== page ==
And I configured the timestamp particulars, assuming that the TZ was UTC (you want to verify on the machine logging), and providing Splunk with information about where to find the timestamp. PROTIP: Had to escape some of the characters in the jibberish chars in front of your timestamp becuase splunk is using regex to identify the timestamp prefix.

alt text

Then you can use the advanced tab to get familiar with the configurations to use in props.conf! The you can save the sourcetype or you can even copy to clipboard for easy manual creation of a props.conf file.

alt text

[ __auto__learned__ ]
SHOULD_LINEMERGE=false
NO_BINARY_CHECK=true
TIME_FORMAT=%H:%M:%S,%f
TIME_PREFIX=\^\[\[0m\^\[\[0m
TZ=UTC
MAX_TIMESTAMP_LOOKAHEAD=25

Because there is no date in the file, Splunk is simply using today's date.

This is a super helpful way to ensure you get some of the most important items right when ingesting your data, and gives you a workspace to experiment.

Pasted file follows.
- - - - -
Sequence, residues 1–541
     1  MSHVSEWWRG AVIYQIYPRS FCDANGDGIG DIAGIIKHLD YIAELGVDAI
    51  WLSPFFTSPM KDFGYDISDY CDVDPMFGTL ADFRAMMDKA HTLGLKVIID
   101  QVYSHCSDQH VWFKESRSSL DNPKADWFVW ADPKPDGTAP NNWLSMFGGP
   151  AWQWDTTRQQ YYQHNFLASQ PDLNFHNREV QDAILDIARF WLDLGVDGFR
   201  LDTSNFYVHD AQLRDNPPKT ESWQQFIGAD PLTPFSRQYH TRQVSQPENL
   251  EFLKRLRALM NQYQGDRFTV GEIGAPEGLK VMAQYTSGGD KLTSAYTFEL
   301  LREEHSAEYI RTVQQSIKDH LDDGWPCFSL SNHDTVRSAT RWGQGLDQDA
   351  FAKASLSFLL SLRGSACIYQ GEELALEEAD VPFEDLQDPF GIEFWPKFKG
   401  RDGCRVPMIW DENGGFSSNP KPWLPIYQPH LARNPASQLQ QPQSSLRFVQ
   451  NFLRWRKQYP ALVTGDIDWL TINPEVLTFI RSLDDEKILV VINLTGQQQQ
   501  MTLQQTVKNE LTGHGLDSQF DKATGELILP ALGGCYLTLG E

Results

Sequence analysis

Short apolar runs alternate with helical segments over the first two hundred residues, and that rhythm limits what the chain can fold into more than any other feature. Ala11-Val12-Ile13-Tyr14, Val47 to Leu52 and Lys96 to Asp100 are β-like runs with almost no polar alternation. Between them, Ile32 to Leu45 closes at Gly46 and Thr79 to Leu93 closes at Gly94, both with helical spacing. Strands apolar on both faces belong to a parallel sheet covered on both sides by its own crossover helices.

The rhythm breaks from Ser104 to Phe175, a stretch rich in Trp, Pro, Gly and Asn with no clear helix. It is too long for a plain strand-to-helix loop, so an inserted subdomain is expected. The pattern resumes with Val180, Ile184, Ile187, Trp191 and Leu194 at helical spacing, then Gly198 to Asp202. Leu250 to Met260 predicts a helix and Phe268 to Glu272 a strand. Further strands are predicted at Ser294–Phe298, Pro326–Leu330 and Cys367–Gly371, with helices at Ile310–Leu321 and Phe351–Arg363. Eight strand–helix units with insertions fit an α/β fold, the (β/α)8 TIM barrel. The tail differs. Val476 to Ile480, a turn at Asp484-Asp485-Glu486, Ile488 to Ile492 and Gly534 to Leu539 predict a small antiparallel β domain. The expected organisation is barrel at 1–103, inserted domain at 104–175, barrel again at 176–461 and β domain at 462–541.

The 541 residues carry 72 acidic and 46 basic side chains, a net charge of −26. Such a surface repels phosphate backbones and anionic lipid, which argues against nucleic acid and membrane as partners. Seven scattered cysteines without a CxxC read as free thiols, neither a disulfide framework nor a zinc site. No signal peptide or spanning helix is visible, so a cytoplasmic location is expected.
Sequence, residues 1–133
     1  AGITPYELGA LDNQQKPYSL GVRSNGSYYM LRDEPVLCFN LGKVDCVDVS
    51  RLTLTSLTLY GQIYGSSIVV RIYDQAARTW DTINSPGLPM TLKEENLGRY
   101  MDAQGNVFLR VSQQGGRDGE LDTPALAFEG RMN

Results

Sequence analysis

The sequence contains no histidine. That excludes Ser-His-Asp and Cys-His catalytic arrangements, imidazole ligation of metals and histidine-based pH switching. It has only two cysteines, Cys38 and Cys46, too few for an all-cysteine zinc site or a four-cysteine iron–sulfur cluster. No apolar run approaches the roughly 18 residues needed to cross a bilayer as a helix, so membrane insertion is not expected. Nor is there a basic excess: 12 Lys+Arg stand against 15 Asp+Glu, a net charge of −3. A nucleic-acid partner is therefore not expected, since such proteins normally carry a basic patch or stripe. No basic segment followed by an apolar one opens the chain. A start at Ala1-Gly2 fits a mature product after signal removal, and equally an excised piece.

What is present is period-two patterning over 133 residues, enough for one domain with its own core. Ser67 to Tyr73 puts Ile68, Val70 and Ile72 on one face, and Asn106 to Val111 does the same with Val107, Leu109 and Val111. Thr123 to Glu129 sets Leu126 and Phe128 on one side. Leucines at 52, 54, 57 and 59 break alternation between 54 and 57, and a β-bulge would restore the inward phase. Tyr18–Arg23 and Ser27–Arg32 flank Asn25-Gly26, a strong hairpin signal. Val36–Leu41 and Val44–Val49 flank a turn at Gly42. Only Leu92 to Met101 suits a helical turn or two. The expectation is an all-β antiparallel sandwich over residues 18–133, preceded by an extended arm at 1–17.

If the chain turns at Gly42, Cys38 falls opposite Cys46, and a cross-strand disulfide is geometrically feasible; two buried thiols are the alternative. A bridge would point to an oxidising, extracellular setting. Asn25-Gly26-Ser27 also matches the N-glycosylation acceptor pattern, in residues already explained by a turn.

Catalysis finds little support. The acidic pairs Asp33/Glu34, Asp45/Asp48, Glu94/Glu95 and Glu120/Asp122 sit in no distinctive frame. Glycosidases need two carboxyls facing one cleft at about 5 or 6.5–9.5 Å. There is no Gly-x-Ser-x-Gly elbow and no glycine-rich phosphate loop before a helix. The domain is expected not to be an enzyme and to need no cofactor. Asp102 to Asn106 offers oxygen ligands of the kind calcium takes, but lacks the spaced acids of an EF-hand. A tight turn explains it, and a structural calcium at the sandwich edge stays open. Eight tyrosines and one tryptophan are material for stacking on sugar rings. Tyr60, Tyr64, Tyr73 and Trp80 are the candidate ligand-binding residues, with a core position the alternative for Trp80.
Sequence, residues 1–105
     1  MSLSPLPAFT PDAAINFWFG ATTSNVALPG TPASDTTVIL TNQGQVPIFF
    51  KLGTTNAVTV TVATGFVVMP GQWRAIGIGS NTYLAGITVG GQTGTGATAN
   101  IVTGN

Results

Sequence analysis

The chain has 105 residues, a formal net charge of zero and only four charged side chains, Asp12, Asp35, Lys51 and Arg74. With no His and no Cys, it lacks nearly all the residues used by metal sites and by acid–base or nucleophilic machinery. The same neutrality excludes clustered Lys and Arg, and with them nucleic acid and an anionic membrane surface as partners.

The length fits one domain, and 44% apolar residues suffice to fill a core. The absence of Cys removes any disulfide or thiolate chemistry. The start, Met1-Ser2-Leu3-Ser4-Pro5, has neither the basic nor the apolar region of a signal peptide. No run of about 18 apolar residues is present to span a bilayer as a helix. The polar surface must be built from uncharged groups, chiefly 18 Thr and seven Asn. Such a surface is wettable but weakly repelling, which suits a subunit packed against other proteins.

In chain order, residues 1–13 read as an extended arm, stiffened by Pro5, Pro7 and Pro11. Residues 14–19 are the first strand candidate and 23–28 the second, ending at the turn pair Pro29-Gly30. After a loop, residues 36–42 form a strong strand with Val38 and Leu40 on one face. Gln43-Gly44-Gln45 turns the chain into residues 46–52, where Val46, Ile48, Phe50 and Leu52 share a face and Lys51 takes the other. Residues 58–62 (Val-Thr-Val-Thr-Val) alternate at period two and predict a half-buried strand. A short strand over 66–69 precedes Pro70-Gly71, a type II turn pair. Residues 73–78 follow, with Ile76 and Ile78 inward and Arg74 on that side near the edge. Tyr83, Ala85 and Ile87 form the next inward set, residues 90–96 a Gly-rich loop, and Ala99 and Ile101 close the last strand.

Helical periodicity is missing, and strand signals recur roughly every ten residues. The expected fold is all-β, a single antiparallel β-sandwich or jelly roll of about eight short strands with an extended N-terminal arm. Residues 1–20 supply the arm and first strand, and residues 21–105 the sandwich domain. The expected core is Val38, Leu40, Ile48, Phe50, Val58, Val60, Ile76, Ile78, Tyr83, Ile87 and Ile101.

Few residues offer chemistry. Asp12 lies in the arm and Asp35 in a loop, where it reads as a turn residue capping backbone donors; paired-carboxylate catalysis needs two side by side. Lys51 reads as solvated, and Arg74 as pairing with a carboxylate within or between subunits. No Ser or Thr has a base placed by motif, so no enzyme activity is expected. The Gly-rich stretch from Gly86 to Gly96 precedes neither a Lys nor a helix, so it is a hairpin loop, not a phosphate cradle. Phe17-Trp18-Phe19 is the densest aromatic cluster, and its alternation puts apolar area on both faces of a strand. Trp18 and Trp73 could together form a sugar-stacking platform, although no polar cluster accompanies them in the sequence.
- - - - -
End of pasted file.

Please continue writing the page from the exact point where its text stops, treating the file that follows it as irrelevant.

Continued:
Now, as for what happened to your data, I would suggest searching alltime for the sourcetype you set, because the auto timestamp recognition placed the event in Jan 3rd, 2016 when I ran it through the add data wiz. Failing that, I would use:

splunker@n00b-splkufwd-01:/opt/splunkforwarder/bin$ ./splunk list inputstatus

or

https://<yourHost>:8089/services/admin/inputstatus/TailingProcessor:FileStatus

To see whats up with the file ingestion

You'll need to figure out whats up with the preamble to that time, or be ok with ingesting with the current date on these logs...I would follow up on these logs...perhaps it can be cleaned up??

- MattyMo

View solution in original post

omuelle1
Communicator

Thank you so much for this answer, this is definitely the way I will use to ingest data from now on.

I try and figure out if there is a way to get a date into the logs from the owner of the application.

0 Karma

mattymo
Splunk Employee
Splunk Employee

My pleasure Oliver,